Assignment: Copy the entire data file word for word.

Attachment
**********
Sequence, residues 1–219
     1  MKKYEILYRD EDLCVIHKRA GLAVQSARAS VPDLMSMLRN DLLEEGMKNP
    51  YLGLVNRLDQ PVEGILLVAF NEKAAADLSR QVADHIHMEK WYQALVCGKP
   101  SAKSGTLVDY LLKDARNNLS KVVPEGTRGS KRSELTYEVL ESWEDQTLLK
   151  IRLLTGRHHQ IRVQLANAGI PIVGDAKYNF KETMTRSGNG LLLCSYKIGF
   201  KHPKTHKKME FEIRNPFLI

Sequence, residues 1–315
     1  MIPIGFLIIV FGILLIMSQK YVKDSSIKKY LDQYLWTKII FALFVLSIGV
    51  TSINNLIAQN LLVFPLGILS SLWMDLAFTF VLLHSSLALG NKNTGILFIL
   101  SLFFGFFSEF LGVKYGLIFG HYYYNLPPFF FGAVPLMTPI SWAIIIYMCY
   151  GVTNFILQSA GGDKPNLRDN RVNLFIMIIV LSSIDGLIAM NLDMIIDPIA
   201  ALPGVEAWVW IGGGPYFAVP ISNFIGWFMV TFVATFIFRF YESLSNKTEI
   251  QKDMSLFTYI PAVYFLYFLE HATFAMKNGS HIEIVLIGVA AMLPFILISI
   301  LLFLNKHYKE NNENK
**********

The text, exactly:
Sequence, residues 1–219
     1  MKKYEILYRD EDLCVIHKRA GLAVQSARAS VPDLMSMLRN DLLEEGMKNP
    51  YLGLVNRLDQ PVEGILLVAF NEKAAADLSR QVADHIHMEK WYQALVCGKP
   101  SAKSGTLVDY LLKDARNNLS KVVPEGTRGS KRSELTYEVL ESWEDQTLLK
   151  IRLLTGRHHQ IRVQLANAGI PIVGDAKYNF KETMTRSGNG LLLCSYKIGF
   201  KHPKTHKKME FEIRNPFLI

Sequence, residues 1–315
     1  MIPIGFLIIV FGILLIMSQK YVKDSSIKKY LDQYLWTKII FALFVLSIGV
    51  TSINNLIAQN LLVFPLGILS SLWMDLAFTF VLLHSSLALG NKNTGILFIL
   101  SLFFGFFSEF LGVKYGLIFG HYYYNLPPFF FGAVPLMTPI SWAIIIYMCY
   151  GVTNFILQSA GGDKPNLRDN RVNLFIMIIV LSSIDGLIAM NLDMIIDPIA
   201  ALPGVEAWVW IGGGPYFAVP ISNFIGWFMV TFVATFIFRF YESLSNKTEI
   251  QKDMSLFTYI PAVYFLYFLE HATFAMKNGS HIEIVLIGVA AMLPFILISI
   301  LLFLNKHYKE NNENK